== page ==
Atezolizumab boosts survival in metastatic nonsquamous NSCLC

By Naveed Saleh, MD, MS, for MDLinx
Published September 17, 2018

Key Takeaways

The concomitant use of atezolizumab with bevacizumab plus chemotherapy as first-line treatment improved survival measures for nonsquamous metastatic non-small cell lung cancer (NSCLC) patients, according to a recent study published in the New England Journal of Medicine.

“The efficacy of atezolizumab may be enhanced through the addition of bevacizumab to reverse VEGF-mediated immunosuppression,” wrote authors, co-led by Mark A. Socinski, MD, Florida Hospital Cancer Institute, Orlando, Florida.

Bevacizumab plus chemotherapy is currently approved for the treatment of metastatic nonsquamous NSCLC. Bevacizumab exerts antiangiogenic effects and exhibits immunomodulatory effects by inhibiting vascular endothelial growth factor (VEGF).

Atezolizumab is a programmed death ligand 1 (or PD-L1) blocking antibody, which has been shown to increase overall survival benefit in patients with previously treated metastatic NSCLC despite PD-L1 expression. Furthermore, this immunotherapy has demonstrated efficacy and acceptable safety when added to platinum doublet chemotherapy in patients who have not been administered chemotherapy for NSCLC.

“In the IMpower150 study, we asked two questions,” the researchers wrote. “Does VEGF blockade enhance the efficacy of immunotherapy, and does immunotherapy combine effectively with chemotherapy? We addressed the first question by evaluating the effect of adding atezolizumab to the combination of bevacizumab and chemotherapy, and the second by assessing the effect of replacing bevacizumab with atezolizumab in the combination with chemotherapy.”

In the current open-label phase 3 study, chemotherapy-naïve patients with stage IV or recurrent metastatic nonsquamous NSCLC were randomized in a 1:1:1 ratio to the following three groups, for treatment every 3 weeks for either four or six 21-day cycles:

  • Atezolizumab plus carboplatin plus paclitaxel (ACP group; n=402)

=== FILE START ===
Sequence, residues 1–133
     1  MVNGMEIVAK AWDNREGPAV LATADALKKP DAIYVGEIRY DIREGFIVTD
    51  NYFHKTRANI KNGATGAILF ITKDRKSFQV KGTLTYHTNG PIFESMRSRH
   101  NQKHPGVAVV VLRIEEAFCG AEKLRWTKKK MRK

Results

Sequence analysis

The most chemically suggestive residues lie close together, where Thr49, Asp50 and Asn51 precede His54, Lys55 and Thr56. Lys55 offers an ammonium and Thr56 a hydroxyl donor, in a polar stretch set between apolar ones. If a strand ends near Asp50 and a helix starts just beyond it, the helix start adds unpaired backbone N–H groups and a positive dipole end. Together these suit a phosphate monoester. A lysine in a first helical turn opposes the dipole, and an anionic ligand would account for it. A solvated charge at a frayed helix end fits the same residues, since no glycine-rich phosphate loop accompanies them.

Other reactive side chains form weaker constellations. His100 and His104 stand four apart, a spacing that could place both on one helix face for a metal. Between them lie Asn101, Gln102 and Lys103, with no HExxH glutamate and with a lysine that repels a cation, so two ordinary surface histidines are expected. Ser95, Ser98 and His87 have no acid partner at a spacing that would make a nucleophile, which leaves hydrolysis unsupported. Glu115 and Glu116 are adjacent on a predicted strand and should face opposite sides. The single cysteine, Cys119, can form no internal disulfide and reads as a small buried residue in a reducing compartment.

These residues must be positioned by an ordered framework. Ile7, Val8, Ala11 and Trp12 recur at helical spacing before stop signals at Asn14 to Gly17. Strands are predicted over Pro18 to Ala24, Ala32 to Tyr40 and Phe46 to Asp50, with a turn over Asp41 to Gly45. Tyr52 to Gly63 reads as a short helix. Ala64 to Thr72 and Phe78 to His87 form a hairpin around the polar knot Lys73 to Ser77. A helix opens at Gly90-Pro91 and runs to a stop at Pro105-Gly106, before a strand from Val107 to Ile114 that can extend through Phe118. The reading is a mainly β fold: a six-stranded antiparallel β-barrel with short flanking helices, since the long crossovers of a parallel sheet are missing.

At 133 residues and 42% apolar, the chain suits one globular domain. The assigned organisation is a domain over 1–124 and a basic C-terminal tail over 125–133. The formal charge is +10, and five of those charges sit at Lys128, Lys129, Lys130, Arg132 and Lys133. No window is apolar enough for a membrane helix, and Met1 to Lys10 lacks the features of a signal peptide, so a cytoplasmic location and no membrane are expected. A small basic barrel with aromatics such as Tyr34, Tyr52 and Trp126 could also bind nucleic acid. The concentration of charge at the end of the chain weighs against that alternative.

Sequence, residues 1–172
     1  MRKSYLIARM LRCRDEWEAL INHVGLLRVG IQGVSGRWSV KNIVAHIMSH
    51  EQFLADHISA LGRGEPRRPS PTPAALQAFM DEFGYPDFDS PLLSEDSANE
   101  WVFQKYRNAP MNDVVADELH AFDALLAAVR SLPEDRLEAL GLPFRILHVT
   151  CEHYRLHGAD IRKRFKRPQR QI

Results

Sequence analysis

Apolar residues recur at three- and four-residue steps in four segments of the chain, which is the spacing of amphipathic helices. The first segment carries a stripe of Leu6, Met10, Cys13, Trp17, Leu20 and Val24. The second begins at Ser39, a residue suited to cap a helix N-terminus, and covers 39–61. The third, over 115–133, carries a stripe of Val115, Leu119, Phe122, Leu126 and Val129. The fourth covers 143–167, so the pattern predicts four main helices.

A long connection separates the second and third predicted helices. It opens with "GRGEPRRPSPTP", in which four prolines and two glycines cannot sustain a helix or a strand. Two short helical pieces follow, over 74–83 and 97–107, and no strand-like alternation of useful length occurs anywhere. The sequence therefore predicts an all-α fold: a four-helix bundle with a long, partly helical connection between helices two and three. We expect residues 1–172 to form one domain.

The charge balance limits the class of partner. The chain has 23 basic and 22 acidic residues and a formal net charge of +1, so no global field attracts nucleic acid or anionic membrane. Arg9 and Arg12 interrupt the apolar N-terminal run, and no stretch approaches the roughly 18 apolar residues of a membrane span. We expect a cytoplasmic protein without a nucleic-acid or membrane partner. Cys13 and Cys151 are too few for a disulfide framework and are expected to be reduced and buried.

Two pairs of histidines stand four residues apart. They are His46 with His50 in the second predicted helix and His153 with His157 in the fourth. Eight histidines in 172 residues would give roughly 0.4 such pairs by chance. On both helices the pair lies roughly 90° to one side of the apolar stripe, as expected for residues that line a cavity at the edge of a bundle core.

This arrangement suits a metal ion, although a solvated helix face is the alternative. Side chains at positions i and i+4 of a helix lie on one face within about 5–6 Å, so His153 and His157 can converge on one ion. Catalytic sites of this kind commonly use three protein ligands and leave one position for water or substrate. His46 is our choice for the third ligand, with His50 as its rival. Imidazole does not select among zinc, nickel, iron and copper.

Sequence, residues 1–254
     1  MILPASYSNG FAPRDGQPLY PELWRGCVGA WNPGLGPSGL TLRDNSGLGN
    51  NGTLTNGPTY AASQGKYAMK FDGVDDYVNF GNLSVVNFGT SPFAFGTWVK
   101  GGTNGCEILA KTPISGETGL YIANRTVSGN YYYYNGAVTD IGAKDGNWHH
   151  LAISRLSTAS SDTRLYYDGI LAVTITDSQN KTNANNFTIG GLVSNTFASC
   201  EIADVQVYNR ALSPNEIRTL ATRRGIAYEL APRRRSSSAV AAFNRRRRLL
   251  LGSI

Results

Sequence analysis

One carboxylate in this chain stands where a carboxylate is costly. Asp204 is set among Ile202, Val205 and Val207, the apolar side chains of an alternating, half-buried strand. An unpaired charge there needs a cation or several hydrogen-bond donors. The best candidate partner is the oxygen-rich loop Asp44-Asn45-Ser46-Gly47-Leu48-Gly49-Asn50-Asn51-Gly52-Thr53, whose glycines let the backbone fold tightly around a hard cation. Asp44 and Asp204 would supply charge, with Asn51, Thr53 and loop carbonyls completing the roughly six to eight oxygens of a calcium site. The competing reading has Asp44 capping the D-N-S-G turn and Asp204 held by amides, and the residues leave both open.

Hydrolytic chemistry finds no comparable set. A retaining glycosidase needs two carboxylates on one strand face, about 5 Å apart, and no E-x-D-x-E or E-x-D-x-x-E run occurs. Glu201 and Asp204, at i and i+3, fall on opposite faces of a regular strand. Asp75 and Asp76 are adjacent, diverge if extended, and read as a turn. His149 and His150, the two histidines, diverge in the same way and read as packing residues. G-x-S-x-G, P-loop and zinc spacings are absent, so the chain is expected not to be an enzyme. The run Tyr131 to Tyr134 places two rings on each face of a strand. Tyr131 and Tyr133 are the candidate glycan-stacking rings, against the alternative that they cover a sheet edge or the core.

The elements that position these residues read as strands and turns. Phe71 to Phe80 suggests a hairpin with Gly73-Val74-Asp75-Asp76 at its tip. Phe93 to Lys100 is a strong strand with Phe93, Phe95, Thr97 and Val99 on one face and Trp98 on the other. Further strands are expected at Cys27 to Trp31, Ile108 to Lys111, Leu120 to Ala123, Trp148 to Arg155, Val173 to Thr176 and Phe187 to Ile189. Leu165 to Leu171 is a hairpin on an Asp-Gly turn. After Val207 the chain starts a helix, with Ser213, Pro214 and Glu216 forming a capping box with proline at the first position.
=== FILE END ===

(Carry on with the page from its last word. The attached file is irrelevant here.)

• Bevacizumab plus carboplatin plus paclitaxel (BCP group; n=400)
  • Atezolizumab plus bevacizumab plus carboplatin plus paclitaxel (ABCP; n=400)

After these four or six cycles, the patients were placed on maintenance therapy with atezolizumab, bevacizumab, or both.

The team stratified this randomization by sex, presence of liver metastases at baseline, and PD-L1 tumor expression.

The two primary endpoints for this study were 1) progression-free survival among the intention-to-treat population who harbored a wild-type (WT) phenotype and did not exhibit EGFR or ALK genetic alterations, along with progression-free survival among the WT population who expressed effector T-cell (Teff) gene signature in the tumor, and 2) overall survival in the WT population. Of note, high Teff gene signature expression serves as a proxy for PD-L1 expression and preexisting immunity.

The WT population consisted of 1,040 patients with 348 in the ACP group, 336 in the BCP group, and 356 in the ABCP group.

Median progression-free survival for the ABCP group (8.3 months) was longer than that of the BCP group (6.8 months). The hazard ratio (HR) for disease progression or death was 0.62 (95% CI=0.52-0.74; P < 0.001).

Progression-free survival at 1 year in the ABCP group (36.5%) was a little more than double that of the BCP group (18%). Furthermore, the risk of death was 22% lower in the ABCP group, and the objective response rate was higher in the ABCP group.

The investigators found that ABCP yielded longer progression-free survival spanning all tested subgroups according to PD-L1 expression, as well as Teff gene-signature expression. This finding included patients with low or negative PD-L1 expression and those with reduced Teff gene-signature expression. High Teff signature expression extended greater progression-free survival benefit, akin to that of high PD-L1 expression.

These findings among unselected patients with metastatic NSCLC are important because the status quo utilization of PD-1 inhibitors as first-line monotherapy is limited to patients with high PD-L1 expression in tumors, whereas most patients have low, negative, or unknown PD-L1 expression.

ABCP benefit extended to patients with baseline liver metastases, a demographic that has previously exhibited limited benefit from monotherapy with checkpoint inhibitors.

ABCP benefit was also observed in patients with EGFR or ALK alterations. This finding is notable because these patients have limited therapeutic options, and results from previous research have indicated that monotherapy with PD-L1 or PD-1 inhibitors following the failure of tyrosine kinase inhibitor therapy has not been more effective than standard chemotherapy.

The safety profile of ABCP jelled with the safety profile of individual medicines, with no new safety concerns identified.

“The phase 3 IMpower150 study showed that the addition of atezolizumab to bevacizumab plus chemotherapy as first-line treatment for nonsquamous metastatic NSCLC resulted in a significant improvement in progression-free survival and overall survival,” the authors concluded, “regardless of PD-L1 expression and EGFR or ALK genetic alteration status,”

This study was funded by F. Hoffmann-La Roche/Genentech.

Share with emailShare to FacebookShare to LinkedInShare to Twitter